Mamie Bradley was spotted in a restaurant called Wells in Harlem, New York and was signed to Sue Records of New York in 1958. Chess subsequently purchased the masters of the Sue recordings.
“I feel like a million” was first released on Sue 702. The version issued on Chess 1686 is understood to be a different take.
No photos or biographical details for Ms Bradley are currently available: can anyone help, please?
Thanks to Marc for his help with this item.
Chuck Bernard | Copyright control | tc486
Chicago singer and songwriter/A&R man Chuck Bernard was from St Louis, Missouri, where he first came to note as a member of a doo wop group called The Blue Notes. It is understood that they were not the Blue Notes of Harold Melvin fame. In 1964 he became signed to Satellite/St Lawrence Records where as well as performing management roles, he also made recordings. When Satellite folded in 1967 Chess acquired all the assets. He went on to record for other labels without enormous success. This artiste’s current whereabouts are unknown; can anyone help, please?
The Entertainers were a group formed in Muscle Shoals by Dan Penn, and were Louis (L.J.) Cooper, Grant Qualls, Roy Lee Pirtle and Charles Smith. The tracks were leased to Chess for distribution in March 1966 but the recording is thought to have sold poorly.
There is a current country music artist called Grant Qualls, does anyone know whether this is the same person, please.
We have traced a Roy Lee Pirtle to Texas, the gentleman is in his seventies, does anyone know whether this is the same person, please.
Thanks to Marc for the information regarding this recording.
Blues singer Al “Fats” Thomas was a Chicago-based blues singer who is mainly known for the Checker recording of 1952, “Baby please no no”. He is also known as the man who discovered The Moonglows.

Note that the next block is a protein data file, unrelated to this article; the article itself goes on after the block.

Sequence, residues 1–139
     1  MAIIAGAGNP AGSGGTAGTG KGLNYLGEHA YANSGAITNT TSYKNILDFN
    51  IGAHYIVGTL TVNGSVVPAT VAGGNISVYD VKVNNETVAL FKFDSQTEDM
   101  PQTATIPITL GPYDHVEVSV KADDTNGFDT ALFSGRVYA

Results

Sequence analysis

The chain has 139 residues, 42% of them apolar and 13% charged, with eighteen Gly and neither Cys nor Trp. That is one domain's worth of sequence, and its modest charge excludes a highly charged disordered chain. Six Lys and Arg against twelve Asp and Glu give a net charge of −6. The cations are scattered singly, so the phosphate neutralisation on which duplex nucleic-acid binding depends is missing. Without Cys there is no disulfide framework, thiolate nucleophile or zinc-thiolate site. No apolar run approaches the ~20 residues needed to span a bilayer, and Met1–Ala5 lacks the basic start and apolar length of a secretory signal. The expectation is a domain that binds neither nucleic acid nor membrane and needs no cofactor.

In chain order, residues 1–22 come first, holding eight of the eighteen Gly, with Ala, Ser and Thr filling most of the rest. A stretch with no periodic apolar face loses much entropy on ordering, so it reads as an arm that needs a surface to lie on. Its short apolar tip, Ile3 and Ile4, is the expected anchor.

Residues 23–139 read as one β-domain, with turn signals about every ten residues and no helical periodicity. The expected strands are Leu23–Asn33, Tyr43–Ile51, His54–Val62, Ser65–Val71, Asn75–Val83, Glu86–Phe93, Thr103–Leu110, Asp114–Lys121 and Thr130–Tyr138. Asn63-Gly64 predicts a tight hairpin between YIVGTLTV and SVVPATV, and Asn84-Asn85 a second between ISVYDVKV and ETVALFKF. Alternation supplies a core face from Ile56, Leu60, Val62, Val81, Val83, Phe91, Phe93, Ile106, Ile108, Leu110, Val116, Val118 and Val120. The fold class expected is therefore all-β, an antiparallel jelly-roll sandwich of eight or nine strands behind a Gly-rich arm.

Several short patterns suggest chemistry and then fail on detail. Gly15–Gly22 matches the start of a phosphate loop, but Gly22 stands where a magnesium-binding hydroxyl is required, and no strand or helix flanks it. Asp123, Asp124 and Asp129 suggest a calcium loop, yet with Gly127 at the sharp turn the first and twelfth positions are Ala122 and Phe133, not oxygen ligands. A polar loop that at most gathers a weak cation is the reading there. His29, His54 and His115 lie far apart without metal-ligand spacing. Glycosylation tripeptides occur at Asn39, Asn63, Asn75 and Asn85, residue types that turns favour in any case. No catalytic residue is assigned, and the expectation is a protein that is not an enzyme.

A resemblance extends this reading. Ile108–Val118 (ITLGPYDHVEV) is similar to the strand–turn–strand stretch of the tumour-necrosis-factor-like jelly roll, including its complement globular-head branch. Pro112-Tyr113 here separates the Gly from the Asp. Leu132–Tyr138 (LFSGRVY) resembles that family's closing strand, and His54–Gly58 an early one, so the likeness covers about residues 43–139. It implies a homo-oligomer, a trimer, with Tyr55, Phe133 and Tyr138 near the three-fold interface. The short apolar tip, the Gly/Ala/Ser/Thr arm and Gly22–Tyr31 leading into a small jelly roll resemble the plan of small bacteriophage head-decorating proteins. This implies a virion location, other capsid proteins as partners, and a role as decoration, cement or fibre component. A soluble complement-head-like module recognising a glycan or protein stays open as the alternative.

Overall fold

We do not have any biographical information for this artiste: can anyone help, please?
Tenison Stephens | Inside Jazz | tc482
Bay area and Hawaii jazz musician Tenison Stephens is best known for his work with Phil Upchurch, but little is known of this gentleman, who recorded for other labels including Back Beat.
Can anyone provide any further information about this artist, please?
Chicago based blues singer Bobby Saxton is mainly known for his Checker recording “Trying to make a living” which was originally issued on the Bea and Baby label then picked up by Chess for national distribution. Earl Hooker is understood to be playing lead guitar on this recording, which dates from around 1960.
No pictures of this artist have been located. Can anyone help with more information about Bobby Saxton, please.
Johnny Lemac | Copyright control | 17144
Johnny Lemac was a pseudonym for Chicago singer Johnny McKinney, aka John Lee McKinney. He had recorded for a number of small labels under various names including his real name, and sung with some Chicago groups. Only one recording was issued on the Chess label.
Johnny McKinney was born on Jan. 7, 1936 and died on Oct. 17, 2010.
Many thanks to Marc for his help with this artiste.